Little Known But Very Pretty Victorian Town Merrickville

Tourists and locals alike recognize Ontario not only for its big-name attractions like Toronto or Niagara Falls, and not even for hungry mo...

Tourists and locals alike recognize Ontario not only for its big-name attractions like Toronto or Niagara Falls, and not even for hungry mosquitos and black flies in the springtime, but also for its pretty, historic towns. Carefully preserved in time and maintaining they original 19th century look, many of them compete to be named the quaintest or the coziest town in Ontario. Merrickville, located only 40 minutes from Ottawa and known as the "Jewel of the Rideau", often makes the cut.

Like many other little towns in Eastern Ontario, Merrickville emerged along the world-renowned Rideau Canal, an engineering feat and a UNESCO World Heritage Site.
Rideau Canal makes the oldest continuously operated canal system in all North America. Most of its structures including all 47 locks, stone walls, blockhouses remain intact since 1832.
Do you know what prompted British to take on such a difficult undertaking as building a 202 km / 125 mile long canal in the middle of nowhere? The fear of another war with the United States after the War of 1812-1813. Like many other technological advances, this one was also driven by a war. Which never happened, fortunately.
But Rideau Canal not only gave birth to those pretty towns like Merrickville, but also enabled further exploration (and colonization) of what in a few decades will become Canada. Long before railroads and highways were built, water was practically the only way to transport commodities (mostly timber and fur) from remote places to large settlements in North America and the rest of the world. Even now, after almost two centuries, Rideau Canal is still in operations. Albeit used exclusively for pleasure.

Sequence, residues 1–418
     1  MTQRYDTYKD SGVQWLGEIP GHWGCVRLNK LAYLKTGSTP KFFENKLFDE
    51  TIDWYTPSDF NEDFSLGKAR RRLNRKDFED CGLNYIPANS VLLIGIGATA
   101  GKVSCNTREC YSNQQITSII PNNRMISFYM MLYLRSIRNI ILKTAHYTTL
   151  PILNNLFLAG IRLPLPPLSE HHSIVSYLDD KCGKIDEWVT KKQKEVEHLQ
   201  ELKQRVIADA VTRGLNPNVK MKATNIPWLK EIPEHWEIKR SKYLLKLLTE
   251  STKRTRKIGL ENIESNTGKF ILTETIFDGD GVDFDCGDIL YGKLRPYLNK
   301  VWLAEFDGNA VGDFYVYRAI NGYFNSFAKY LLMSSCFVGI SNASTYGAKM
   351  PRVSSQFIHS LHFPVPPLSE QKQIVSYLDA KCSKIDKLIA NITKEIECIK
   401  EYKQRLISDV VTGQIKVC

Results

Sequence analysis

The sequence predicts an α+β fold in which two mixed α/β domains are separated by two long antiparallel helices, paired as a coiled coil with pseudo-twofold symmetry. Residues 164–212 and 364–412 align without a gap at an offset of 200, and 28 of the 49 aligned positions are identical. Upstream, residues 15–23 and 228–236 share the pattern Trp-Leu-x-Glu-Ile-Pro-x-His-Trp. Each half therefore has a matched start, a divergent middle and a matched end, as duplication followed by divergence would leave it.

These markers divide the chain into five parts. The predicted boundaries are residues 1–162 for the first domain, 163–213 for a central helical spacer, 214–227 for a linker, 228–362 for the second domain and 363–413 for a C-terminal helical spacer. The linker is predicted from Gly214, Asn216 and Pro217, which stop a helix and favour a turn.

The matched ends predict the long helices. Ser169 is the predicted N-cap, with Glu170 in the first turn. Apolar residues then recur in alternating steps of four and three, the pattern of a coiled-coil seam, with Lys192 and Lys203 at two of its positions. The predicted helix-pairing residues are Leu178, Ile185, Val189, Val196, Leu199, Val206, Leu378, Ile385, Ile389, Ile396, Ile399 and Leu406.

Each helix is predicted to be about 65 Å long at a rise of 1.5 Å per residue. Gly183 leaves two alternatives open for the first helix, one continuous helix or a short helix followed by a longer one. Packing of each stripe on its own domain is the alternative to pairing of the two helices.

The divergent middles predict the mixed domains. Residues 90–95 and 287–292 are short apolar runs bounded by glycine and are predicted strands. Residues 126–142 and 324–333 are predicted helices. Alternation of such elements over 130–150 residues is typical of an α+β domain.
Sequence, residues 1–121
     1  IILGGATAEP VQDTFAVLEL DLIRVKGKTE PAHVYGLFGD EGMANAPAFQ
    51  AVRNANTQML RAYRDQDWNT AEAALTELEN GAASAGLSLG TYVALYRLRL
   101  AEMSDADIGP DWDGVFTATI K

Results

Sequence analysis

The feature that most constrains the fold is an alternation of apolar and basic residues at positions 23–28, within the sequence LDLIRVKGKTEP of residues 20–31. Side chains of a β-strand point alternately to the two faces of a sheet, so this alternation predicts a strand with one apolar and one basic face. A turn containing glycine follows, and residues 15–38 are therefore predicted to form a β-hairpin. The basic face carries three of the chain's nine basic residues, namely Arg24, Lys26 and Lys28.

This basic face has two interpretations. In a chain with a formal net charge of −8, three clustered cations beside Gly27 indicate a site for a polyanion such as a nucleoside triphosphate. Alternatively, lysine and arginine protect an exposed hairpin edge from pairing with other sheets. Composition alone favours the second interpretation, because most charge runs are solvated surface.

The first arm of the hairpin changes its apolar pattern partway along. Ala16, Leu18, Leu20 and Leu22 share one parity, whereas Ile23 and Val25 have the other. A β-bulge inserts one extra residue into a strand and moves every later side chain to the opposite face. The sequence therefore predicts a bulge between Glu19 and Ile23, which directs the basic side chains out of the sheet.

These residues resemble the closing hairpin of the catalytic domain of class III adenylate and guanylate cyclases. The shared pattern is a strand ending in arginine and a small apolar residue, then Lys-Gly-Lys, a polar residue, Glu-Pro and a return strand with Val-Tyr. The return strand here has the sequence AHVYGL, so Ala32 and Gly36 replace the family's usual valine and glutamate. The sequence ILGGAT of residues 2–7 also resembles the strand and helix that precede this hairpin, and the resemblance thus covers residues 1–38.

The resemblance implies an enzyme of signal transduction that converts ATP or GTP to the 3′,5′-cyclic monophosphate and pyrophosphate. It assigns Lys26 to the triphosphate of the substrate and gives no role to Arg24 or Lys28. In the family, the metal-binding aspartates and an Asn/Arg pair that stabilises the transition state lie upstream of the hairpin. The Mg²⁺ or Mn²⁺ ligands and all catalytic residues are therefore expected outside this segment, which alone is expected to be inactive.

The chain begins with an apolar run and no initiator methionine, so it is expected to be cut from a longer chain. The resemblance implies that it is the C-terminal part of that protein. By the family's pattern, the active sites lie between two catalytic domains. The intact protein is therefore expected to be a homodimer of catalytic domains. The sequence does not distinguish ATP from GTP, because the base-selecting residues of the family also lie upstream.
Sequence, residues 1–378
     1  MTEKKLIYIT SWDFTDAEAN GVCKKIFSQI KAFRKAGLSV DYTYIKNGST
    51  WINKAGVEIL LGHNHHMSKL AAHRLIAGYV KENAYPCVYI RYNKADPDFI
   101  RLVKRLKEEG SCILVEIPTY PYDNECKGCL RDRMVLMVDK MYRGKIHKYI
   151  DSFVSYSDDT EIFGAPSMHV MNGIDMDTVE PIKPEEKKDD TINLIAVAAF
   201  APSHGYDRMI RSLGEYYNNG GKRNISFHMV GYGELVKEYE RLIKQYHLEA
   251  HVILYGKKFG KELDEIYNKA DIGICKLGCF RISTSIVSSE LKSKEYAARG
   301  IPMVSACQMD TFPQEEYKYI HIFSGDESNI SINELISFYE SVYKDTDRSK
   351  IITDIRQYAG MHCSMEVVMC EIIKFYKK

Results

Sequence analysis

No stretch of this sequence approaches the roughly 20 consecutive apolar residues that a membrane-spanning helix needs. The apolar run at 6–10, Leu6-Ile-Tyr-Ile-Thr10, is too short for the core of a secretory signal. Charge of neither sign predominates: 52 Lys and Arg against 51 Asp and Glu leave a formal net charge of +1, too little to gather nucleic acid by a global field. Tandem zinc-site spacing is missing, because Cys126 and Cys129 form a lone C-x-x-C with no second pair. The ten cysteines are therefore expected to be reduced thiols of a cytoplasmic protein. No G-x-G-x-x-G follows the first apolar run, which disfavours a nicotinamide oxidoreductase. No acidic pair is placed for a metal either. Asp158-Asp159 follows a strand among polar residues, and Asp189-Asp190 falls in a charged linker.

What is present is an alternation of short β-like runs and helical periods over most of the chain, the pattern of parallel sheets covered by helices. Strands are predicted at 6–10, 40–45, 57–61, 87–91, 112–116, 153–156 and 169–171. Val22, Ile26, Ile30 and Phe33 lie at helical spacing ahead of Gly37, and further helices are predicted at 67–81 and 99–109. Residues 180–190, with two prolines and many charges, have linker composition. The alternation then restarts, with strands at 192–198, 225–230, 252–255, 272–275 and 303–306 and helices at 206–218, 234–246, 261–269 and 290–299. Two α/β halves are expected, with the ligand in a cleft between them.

But let's go back to Merrickville. With just slightly over 3,000 residents, time in the town is moving at a much slower pace comparing to neighbouring Ottawa or Kingston. 
Especially slow now, due to COVID-19. 
Only a handful of businesses were open on Victoria Day long weekend including an ice cream parlour that sells some of the most delicious ice cream I have ever tried.
Apparently, I'm not the only one who thinks so. Some pretty wealthy customers came to buy some ice cream, too.
Another place worth mentioning is a local Fish and Chips wagon. Although I haven't tried their food, but it smells really good.
Many artists are proudly calling Merrickville home. It's safe to assume that a number of artists per capita is one of the largest in Canada. 
According to Merrickville's official website, the town features more designated heritage buildings than any other Ontario community of like-size.
A very old London's telephone booth with a fully functioning Bell phone. 
I know for certain that I'll come back to a glass blowing studio that provides free demonstrations once it's re-opened. 
I particularly liked the picturesque ruins of an old mill with an original turbine generator which was in operations from 1915 to 1993. Almost a century! The place can easily be found just across a canal from the Main Street. 
Rapids on the Rideau River attract not only people, but big birds, too. Like this blue heron that is looking for fish.

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